With Rev. Martin Luther King, Jr. being remembered tomorrow in a special way across the nation, I went back to a prose poem written after a family visit to Washington, D.C., in the early summer of 2004, another presidential election year. We were months away from seeing Barack Obama make news with a speech at the Democratic Party’s convention in Boston, and the extraordinary memorial for Dr. King was yet to be installed on the National Mall. — PM
Checking the Property
My nine-year-old son says, “I’m going to read the ‘Gettysburg Address’”—on the other side is the lesser-known second inaugural speech. What’s the Lincoln shorthand? Freed the slaves; saved the union. People crowd the marble steps at dusk. A sign asks for silence. When he sees my wife lining up a snapshot, a guy in a straw cowboy hat offers to take a picture of my brother’s family, my wife, son, and me in the glow of the civic temple. Climbing the steps, I caught sight of the figure set behind the columns, and then lost him because of the steep ascent, only to come upon the sculpture again near the top, where visitors gaze at the huge seated president, whose massive square-toed boot juts out, looking as if it could kick Jeff Davis’ football the length of the Reflecting Pool and onto the white spike of the Washington Monument, which, in the after-supper hour reflects sun along its narrow western face, a mighty glo-stik on the national common, a staunch obelisk, a big white numeral standing for the first president, who set the constitutional republic in motion, the stone blocks a different shade on the top half, marking a stop in work and resumption, the monument telling its own story, one in which protesters rolled cut stones into the drink, foreshadowing later protests and rallies and comings together, like the 1963 March on Washington that brought Martin Luther King to these same steps to declare his dream of a nation at last free for all, the same steps where Joan Baez and Bob Dylan sang for justice and where Dylan returned to sing for Bill Clinton’s booming inaugural, the same steps movie-land Vietnam vet Forrest Gump spoke from and from which he spotted his life-long love and source of ache splashing toward him, the same pool in which the spaceship crashed in the Planet of the Apes remake, this electric stretch of public land without timber or copper, a wide open space in which to make a verb of America—to recall and celebrate and to do democratic research and development in this red clay-lined lab, bordered and crowded with evidence of the ongoing experiment, and bearing key formulas and equations inscribed in stone.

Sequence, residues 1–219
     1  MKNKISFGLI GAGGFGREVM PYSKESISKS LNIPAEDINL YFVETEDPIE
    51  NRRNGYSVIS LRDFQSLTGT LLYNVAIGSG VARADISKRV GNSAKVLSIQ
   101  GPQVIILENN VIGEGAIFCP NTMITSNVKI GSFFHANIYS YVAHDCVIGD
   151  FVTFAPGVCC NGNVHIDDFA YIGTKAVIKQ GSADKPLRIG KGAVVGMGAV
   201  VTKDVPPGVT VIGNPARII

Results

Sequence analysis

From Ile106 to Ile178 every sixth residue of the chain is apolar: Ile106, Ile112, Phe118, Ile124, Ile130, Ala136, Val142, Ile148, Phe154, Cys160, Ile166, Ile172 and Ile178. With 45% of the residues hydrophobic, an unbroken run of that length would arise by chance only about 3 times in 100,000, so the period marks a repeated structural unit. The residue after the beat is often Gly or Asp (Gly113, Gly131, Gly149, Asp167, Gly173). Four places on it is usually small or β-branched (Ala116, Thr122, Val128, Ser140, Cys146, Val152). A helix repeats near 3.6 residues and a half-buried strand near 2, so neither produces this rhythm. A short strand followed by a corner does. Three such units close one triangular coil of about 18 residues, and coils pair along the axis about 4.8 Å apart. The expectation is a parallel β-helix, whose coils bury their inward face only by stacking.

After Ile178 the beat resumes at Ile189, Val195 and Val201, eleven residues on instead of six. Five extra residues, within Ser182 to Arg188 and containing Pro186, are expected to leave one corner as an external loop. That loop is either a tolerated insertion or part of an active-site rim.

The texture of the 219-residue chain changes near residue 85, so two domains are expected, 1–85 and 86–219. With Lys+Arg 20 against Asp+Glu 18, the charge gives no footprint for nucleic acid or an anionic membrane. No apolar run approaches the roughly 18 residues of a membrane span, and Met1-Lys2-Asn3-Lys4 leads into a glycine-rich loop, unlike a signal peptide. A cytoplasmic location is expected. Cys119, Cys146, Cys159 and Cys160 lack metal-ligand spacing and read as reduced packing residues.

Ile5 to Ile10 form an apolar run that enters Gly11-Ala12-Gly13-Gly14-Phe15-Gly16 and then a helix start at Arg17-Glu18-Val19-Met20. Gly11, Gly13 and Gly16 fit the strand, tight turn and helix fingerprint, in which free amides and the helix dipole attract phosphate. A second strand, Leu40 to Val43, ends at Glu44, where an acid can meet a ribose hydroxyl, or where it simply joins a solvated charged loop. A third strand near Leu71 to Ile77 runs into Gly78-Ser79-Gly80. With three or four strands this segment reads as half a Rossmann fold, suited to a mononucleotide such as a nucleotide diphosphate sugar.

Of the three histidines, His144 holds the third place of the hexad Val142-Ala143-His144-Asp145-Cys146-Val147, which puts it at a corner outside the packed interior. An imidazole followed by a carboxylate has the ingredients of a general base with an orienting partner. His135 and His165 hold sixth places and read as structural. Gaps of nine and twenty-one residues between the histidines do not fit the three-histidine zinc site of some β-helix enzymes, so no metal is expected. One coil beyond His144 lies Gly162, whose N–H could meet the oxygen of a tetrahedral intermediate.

—Paul Marion (c) 2004